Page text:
Description
I like to start this around 2 PM for dinner tonight.  It takes about 1 hour to prep.  I like to cook mine for a total of 6 hours, but you can do it in 4 if you prefer.  This will make a beef stew first (If that's what you want, then you can stop here, but to make the beef pot pie, continue on).  Then we let it simmer with the lid off to reduce the liquid while intensifying the flavor.  Then we remove some of the stew from the pot and place into a deep dish pie pastry, place shredded fat-free sharp cheddar cheese, then covering with another deep dish pie pastry (flattened), then cooking in the oven at 325 for 20 minutes to brown the pie dough.  The rest of the stew is divide up and placed into individual Zip-lock Quart Freezer bags, where it will be quick-chilled and then frozen for later use.  Each Quart should contain enough for a meal for 3 - 4 people.

Time to prepare and cook

  • 30 minutes - 1 hour prep
  • 2 hours cooking covered (I go for 4 hours as it makes it more tender)
  • 2 hours cooking uncovered
  • 20 minute cooking pot pie in oven
  • Total elapsed time: about 5 hours, 1 hour of which requires your dedicated attention.

When Finished
This will produce enough to make four 12" beef pot pies.  I make one for tonight for the two of us; there's enough left over for lunch tomorrow for both of us.  That means we've got 3 more dinners plus 3 more lunches already prepared and residing in Zip-lock bags in the freezer - all you need to do is place the contents into pie dough and you're ready to cook the pot pies!

Ingredients
  • 3 - 4 pounds of round tip roast (if you can't find that, use chuck)
  • 4 large onions
  • 6 carrots
  • 3 stalks of celery
  • 1 can of dark beer, like a Guinness Stout (or coke/pepsi/dr.pepper, but not diet)
  • (optional: 3 chipotle peppers)
  • 1/4 cup olive oil (optional - 1 pound of good quality bacon)
  • (optional: 1 pound of fat-free sharp cheddar cheese, shredded, for topping)
  • (optional: 1 cup all-purpose flower for dusting meat)
Prep
  • Using a piece of of beef round tip roast, about 3 - 4 lbs, cut into 1 inch squares.  
  • In a large enameled dutch oven, add a little olive oil (or cook therein about 1 pound of bacon to get bacon fat).  
  • Bring the oil up to a high temperature, but not enough to smoke. 
  • If desired, dust the meat with flower.  
  • Brown the cubed beef, about a cup at a time (this is so you won't lower the temperature of the oil too much), remove browned meat and add more beef until all of the beef has been browned.  You can do it all at once, but the meat won't have as much flavor.
  • Reduce heat to a simmer and place all of the browned beef into the dutch oven and cover.  
  • Chop up 4 large onions in to large chunks and add to the dutch oven.  
  • Chop up about 6 carrots into large bite size chunks and add to the dutch oven.  
  • Chop up 3 stalks of celery into bite sized chunks and add to the dutch oven.  
  • Add 1 bottle of dark beer or coke (not diet-coke).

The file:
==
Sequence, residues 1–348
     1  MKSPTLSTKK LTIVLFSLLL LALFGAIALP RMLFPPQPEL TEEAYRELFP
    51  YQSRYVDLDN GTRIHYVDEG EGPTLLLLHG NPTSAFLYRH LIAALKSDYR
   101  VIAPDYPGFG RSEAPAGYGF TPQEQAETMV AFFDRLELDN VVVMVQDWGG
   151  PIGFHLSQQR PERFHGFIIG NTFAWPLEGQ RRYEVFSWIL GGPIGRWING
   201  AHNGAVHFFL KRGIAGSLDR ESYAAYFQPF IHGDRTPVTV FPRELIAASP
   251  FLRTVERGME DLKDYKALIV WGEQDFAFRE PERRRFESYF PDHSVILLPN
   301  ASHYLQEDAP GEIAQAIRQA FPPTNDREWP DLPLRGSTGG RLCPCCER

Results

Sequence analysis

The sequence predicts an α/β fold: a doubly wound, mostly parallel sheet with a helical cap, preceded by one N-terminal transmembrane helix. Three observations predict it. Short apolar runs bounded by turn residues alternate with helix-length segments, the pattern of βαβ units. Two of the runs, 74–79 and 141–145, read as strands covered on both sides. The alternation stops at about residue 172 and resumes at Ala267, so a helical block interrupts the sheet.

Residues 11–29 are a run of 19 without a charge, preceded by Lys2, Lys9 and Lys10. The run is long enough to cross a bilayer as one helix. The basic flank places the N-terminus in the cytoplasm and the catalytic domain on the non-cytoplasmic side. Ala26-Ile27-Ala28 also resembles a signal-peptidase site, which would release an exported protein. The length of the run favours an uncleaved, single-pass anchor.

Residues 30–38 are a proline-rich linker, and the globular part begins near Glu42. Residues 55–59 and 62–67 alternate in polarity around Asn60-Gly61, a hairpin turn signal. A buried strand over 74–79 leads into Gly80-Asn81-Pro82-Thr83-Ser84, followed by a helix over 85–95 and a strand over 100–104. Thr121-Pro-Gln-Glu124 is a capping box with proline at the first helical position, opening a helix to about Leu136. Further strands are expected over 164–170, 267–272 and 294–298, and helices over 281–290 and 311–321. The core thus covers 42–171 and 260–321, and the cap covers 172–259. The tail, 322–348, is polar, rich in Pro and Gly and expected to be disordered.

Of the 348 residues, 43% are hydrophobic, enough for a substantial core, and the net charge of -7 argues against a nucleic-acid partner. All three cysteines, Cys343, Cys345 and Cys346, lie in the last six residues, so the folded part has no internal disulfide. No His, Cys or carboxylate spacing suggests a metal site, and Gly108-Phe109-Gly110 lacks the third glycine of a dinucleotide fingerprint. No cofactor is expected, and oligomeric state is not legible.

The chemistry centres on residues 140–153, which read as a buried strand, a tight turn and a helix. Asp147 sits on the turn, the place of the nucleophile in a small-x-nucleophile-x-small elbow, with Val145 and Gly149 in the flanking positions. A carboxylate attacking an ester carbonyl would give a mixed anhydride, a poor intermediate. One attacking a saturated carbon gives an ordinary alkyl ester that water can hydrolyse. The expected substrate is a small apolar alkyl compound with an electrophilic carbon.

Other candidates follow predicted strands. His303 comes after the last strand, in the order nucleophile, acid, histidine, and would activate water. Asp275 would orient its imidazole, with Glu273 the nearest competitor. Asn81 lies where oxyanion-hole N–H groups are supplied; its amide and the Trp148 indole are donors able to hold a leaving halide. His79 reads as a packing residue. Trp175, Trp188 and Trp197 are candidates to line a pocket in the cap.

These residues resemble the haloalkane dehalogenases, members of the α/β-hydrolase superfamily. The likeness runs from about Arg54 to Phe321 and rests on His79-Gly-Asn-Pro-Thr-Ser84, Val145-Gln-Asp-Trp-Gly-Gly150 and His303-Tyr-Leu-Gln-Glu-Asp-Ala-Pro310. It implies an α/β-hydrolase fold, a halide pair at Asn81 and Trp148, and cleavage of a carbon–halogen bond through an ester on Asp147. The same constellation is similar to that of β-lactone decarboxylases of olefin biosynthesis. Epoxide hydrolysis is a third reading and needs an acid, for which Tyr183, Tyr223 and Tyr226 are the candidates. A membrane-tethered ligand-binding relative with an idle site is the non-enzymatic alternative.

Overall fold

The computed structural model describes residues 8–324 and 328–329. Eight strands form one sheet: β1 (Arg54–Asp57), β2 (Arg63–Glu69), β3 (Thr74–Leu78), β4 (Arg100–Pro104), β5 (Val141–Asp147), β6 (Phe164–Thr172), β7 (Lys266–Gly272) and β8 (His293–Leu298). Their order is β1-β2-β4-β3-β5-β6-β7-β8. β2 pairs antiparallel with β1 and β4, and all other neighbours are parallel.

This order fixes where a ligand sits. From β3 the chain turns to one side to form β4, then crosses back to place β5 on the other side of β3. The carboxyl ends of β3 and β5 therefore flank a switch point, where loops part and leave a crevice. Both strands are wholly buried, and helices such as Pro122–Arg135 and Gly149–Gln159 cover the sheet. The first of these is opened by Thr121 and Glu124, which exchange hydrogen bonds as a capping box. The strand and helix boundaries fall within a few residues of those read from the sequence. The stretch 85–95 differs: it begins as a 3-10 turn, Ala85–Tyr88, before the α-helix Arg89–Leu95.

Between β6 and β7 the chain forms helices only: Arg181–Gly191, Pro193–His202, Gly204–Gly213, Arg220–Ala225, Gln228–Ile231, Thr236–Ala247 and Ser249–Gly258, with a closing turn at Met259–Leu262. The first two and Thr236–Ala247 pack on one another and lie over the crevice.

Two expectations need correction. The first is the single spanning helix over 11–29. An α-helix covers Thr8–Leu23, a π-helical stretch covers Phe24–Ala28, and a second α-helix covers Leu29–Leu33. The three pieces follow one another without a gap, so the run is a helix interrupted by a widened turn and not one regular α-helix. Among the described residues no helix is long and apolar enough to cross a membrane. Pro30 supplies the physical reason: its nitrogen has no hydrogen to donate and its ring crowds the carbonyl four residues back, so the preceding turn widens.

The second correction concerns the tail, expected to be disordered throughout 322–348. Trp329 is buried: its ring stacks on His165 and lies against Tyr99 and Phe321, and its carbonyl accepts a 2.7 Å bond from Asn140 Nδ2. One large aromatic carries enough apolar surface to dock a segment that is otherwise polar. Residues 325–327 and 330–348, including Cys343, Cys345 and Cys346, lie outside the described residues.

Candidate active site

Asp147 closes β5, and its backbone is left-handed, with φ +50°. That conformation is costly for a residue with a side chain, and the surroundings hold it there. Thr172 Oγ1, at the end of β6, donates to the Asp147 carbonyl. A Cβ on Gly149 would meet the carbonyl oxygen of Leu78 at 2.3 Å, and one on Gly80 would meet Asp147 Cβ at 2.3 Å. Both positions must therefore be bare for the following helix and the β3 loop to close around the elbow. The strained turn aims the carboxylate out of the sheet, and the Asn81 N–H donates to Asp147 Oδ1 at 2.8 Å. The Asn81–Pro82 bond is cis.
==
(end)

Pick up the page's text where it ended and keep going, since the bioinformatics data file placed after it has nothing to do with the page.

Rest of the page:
• Add chipotle pepper (optional)
  • Cover and let simmer for 4 hours. 
  • Do not salt at this time - wait to add salt and pepper until after you've condensed it, otherwise, you can end up with too much salt and pepper.
Cooking
  • Note: Once you've got this on the stove, then take the second piece of meet and put it into the Sous Vide cooker, where it will cook for 48 hours.  See link here.
  • Cook all ingredients in covered enameled pot on a simmer for 2 hours (if you have the time, I prefer 4 hours).
  • Uncover, and allow to simmer for about 2 more hours, or until the amount of liquid has evaporated until the liquid has thickened, stirring occasionally.  Monitor this so it doesn't cook down too much and burn.
Making the Pot Pies
  • Place enough contents into a 12" deep pie crust dough to fill it, (optional - cover with fat-free cheese; we prefer sharp cheddar), top with a flattened-out 12" deep pie crust.
  • Place into the middle of your oven and cook for about 20 minutes at 350 dF.  Watch it so it doesn't burn on top.  The contents already cooked, so you're just cooking the dough.
  • Remove from oven, and scoop-serve into large bowls. 



Freezing the remaining contents
  • First, be sure and do a quick-cool on the contents, then split into quart-size freezer zip-locks.  
  • Then freeze each zip-lock.  Try not to overlap the bags so the contents will freeze quickly.  Spread out as thin as possible so it cools quicker.
  • On removing, you can remove from zip-lock and place into a micro-safe bowl, thawing out in your microwave.  Continue to heat until it's cooked to a serving temperature.
  • Place into pot pies as outlined above.

Monday, September 5, 2011

Banjo Remembers 9/11

Please go to this page.  This page has been updated and includes additional stories from other family members.  I'm keeping this page here as some other sites have linked to this page.

I was home on 9/11 in order to change our cable TV over to a different service provider.  While waiting for someone to show up, my wife called from work to tell me that a plane had flown into a tower - she thought it was a traffic spotter plane; at the time, I understood that she was talking about an event in downtown Atlanta.  I said I didn't know if we had a TV signal yet, but would check...I remember wondering how a small plane could have flow into a tower in Atlanta, as the weather was pretty clear.

I checked the TV, and we had a signal!  Apparently, the cable company had been able to hook everything up from outside and never rang my doorbell.